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Two types of FDAS

1. Conventional
A conventional fire alarm
system is often the
natural choice for smaller
applications or where
budget constraints exist.
Conventional systems
use zoning to define
areas and where
detectors are considered
as one circuit.

Conventional Fire Alarm Control Panel


1. If the total floor area (i.e. the total of the floor areas of each storey) of the
building is not greater than 300m2 then the building need only be one
zone, no matter how many floors it has.
2. The total floor area for a zone should not exceed 2000m2.
3. The search distance should not exceed 30m. This means the distance
that has to be travelled by a searcher inside a zone to determine visually the
position of a fire should not exceed 30m. The use of remote indicator lamps
outside doors may reduce the number of zones required.
4. Where stairwells or similar structures extend beyond one floor but are
in one fire compartment, the stairwell should be a separate zone.
5. If the zone covers more than one fire compartment, then the zone
boundaries should follow compartment boundaries.
6. If the building is split into several occupancies, no zone should be split
between two occupancies.
7. It may be an advantage to have manual call points on separate zones to
detectors. This will avoid misleading information regarding the position of
fire, particularly on staircase landings.
2. Addressable

It is a system which detects fire early, wherein all loop devices


in the system are individually addressed to provide the control
panel with absolute unique identification of each device. The
system monitors any changes caused by dust or smoke and
then adjusts the calibration accordingly to maintain each sensor
at its original sensitivity. The system carries out a self-test
automatically every 24 hours, as well as seprate adjustment for
a day and night. The system can be integrated along with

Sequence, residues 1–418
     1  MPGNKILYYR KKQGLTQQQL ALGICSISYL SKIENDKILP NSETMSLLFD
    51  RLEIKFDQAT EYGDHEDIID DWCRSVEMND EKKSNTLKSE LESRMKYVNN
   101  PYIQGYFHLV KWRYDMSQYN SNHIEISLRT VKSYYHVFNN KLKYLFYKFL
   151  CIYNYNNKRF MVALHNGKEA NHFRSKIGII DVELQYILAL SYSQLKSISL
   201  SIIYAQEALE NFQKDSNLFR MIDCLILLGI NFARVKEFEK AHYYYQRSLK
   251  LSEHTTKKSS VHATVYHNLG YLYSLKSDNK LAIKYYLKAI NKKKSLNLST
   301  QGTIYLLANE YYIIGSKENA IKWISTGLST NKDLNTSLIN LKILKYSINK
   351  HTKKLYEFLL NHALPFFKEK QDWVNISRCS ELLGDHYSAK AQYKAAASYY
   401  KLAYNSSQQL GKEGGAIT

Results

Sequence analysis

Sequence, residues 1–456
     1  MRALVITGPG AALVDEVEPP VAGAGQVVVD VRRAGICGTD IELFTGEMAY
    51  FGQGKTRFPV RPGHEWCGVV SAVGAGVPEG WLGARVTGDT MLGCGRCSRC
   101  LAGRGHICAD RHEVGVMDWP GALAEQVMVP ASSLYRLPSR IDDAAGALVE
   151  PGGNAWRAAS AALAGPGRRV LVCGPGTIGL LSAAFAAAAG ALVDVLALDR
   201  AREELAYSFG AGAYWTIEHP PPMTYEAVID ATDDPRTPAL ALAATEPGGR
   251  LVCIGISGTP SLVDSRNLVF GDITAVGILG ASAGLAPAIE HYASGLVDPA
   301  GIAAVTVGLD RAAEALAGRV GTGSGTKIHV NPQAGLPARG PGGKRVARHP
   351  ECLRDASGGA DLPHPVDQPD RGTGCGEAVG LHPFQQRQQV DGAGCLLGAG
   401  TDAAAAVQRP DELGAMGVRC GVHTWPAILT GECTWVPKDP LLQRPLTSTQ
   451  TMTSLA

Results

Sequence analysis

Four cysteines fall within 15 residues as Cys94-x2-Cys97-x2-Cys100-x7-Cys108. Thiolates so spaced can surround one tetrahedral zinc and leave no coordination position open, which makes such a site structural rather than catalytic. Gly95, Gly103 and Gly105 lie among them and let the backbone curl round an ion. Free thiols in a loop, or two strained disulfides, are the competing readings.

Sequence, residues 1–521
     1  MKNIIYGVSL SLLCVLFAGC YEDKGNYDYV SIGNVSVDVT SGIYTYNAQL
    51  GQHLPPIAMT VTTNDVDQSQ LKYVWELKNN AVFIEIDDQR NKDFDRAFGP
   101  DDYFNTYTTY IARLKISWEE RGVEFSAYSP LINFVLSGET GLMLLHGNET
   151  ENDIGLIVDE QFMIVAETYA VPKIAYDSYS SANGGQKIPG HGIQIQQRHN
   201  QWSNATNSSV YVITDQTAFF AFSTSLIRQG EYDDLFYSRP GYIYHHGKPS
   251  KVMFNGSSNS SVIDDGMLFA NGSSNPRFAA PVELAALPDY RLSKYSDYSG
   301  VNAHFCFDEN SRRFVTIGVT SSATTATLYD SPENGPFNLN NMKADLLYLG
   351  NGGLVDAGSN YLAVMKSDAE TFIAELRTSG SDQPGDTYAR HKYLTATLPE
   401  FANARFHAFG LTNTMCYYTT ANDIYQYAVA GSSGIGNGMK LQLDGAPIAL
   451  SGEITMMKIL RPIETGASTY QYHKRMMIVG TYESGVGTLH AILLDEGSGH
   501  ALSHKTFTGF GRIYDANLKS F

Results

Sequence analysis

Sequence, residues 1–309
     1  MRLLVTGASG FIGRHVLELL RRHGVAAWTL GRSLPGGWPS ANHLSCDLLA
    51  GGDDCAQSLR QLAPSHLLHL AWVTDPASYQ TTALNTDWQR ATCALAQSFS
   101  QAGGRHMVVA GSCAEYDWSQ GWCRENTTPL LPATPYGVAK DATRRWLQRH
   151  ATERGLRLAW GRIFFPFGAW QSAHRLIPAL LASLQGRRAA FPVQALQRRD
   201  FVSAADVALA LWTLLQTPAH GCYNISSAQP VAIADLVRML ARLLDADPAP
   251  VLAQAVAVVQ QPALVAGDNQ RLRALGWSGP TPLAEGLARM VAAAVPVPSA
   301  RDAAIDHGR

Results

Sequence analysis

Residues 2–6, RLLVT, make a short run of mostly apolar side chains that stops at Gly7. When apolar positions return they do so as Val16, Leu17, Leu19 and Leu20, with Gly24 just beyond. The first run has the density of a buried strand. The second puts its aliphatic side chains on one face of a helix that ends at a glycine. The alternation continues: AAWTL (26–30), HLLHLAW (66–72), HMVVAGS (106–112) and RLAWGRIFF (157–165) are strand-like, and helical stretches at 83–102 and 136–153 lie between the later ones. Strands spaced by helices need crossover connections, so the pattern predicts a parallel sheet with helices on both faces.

building management system, CCTV and Access Control
systems ensuring total saftey and security at one central
monitoring station.
Maximum area covered by one
loop is 10,000 sq m.

The code retains the use of


zones to indicate the origin of a
fire. In addressable systems the
detector or manual call point in
alarm can be shown by the use
of an alpha numeric display.
This on its own will not be
acceptable and the zone in which
the detector/manual call point
has operated must be displayed.

Addressable Fire Alarm Control Panel


Different Detector Types and Application:

1. Fixed-Temperature Heat Detector


2. Photoelectric Smoke Detector
3. Rate Of Rise Detector
4. Flame Detector
5. Combination Smoke and Heat Detector
Fixed-Temperature Heat Detector

When detector's ambient temperature is reached 58 C


(Fixed-Temperature) then the fire signal will be sent to
control panel. Detector itself has auto balance function
when temperature changed rapidly, so false alarm wouldn't
happen.
Photoelectric Smoke Detector

The infrared light beam from Transmitter intersect the


smoke particles will cause the light spread to all directions.
When receiver has sensed the light, it will send signal to
control panel for fire alarm status as soon as the density of
smoke reaches pre-determined alarm level.